JACK: when I first started doing “Something, In General,” all the songs were super small scale, like they were all about this girl or were very introverted. Recently the songs have gotten a lot bigger and existential. I think the album is probably going to go into chronological order, from those earlier, super introverted songs to songs about stuff everybody can really think about and really relate to because we’re all going to die.

On that topic of sad songs, do you think there is value in, not necessarily happy but like, optimistic art?

AUDEN: No. I don’t think I would be able to make anything if I was ok with myself. If I was like happy and stable I don’t think there would be reason for me to draw or take pictures or do anything like that. Honestly, it sounds dumb, but it’s corny to me. It’s fake to me and that’s something I just don’t like.

JONAS: For me personally and a lot of other people, people just enjoy making art and I think there’s value in that. People also find pleasure in looking at and listening to other people’s art and I think if it just so happens to be happy and portraying happiness rather than sadness, it’s just as high in quality.

JACK: I think it’s subjective depending upon the artist. Like, I used to make happy songs. I haven’t really any more because my sad songs are always so much better than my happy songs. I like listening to sad stuff more than I like listening to happy stuff but I definitely see the value in listening to other people’s happy stuff casue other people are good at happy stuff.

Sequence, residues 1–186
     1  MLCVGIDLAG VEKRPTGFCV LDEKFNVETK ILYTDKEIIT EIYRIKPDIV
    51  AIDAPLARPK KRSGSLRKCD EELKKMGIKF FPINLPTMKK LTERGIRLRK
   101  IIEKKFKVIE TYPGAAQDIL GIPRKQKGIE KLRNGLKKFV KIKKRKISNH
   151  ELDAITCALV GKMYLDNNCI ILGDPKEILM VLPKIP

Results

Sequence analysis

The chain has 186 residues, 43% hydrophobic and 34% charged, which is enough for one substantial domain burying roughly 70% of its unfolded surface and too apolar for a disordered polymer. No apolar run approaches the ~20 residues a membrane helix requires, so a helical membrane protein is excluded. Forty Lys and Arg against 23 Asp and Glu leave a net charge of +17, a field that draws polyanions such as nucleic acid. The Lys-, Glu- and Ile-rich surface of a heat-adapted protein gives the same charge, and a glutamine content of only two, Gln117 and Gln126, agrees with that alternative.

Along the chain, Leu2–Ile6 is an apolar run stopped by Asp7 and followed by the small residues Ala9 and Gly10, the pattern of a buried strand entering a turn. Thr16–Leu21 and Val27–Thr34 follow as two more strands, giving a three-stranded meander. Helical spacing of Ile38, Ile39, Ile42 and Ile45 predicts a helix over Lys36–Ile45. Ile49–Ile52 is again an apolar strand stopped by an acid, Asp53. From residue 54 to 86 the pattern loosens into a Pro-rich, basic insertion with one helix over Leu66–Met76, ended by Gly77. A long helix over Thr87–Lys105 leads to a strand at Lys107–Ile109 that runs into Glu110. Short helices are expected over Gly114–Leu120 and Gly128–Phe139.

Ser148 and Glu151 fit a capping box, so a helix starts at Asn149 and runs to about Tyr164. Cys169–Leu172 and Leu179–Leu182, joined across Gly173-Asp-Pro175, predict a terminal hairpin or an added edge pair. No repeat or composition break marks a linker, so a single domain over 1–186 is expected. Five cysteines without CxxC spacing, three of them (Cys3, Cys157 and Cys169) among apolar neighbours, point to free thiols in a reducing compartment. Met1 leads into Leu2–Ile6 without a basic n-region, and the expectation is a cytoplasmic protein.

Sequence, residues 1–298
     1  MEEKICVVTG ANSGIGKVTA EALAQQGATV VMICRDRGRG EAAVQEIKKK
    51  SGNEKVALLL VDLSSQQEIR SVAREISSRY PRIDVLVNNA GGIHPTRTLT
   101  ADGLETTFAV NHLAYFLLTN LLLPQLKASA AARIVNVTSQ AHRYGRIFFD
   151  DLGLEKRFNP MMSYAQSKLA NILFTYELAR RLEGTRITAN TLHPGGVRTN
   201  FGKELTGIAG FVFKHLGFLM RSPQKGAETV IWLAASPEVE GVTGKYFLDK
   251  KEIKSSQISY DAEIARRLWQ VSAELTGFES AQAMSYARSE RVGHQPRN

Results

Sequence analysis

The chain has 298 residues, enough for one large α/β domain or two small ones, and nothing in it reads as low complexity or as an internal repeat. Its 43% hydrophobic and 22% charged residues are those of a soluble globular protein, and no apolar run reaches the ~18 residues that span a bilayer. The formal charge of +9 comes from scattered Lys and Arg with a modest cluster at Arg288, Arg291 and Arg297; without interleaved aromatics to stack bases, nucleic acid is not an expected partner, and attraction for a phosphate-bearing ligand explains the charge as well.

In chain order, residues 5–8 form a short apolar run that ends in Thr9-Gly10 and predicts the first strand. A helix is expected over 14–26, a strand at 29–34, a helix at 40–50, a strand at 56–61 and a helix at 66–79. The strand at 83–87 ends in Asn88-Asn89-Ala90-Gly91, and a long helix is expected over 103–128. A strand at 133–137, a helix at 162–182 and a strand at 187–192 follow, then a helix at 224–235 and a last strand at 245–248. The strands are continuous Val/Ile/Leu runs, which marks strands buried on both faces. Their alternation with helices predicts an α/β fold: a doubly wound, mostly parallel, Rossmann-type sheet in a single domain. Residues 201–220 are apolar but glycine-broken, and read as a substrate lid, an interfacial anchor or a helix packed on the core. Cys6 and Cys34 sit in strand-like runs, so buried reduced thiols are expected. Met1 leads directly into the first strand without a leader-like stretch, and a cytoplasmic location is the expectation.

President’s Day weekend you guys are going to be hitting the road with The Sardines and The Backseat Lovers to play two shows in LA: February 15 at Fox Theatre Pomona and February 17 at The Teragram Ballroom. How did you guys manage to book these shows?

JACK: One of the owners, maybe of Fox Theater Pomona, just dm’d us and was like “hey, I think you guys would have good pull out here. I have connections around town, we could get you a show here at Pomona and another show somewhere else.” It was really easy and I was like “how much are we going to pay you” and he was like “oh, I don’t want anything.”

In March you guys will be playing SXSW, any bands that you’re trying to see or you’re excited at the potential of borrowing a pick from?

JACK: Just some friends, like Hate Drugs. We’re excited to see them again, they’re really cool.

JONAS: Also, it’s kinda cool casue I was looking at some old showcases and bands like The Flaming Lips and just really big artists played there when they weren’t so big. We could see someone thats not that big right now and they might blow up.

JACK: Yeah, I think that the connections we could make there could be super cool down the road. We should try to be social.

You guys definitely have a lot going on this year, should people anticipate 2019 being the year of Ritt Momney?

COLLECTIVE: Yes.

NOAH: Every year is the year.

JONAS: Except for 1972.

JACK: They can expect the album going platinum within two weeks.

AUDEN: Two hours, triple times over, quadruple platinum.


For more information about the band and upcoming shows, follow them on Instagram, Twitter and Facebook.

Their music is available for streaming on Spotify, Bandcamp and Soundcloud.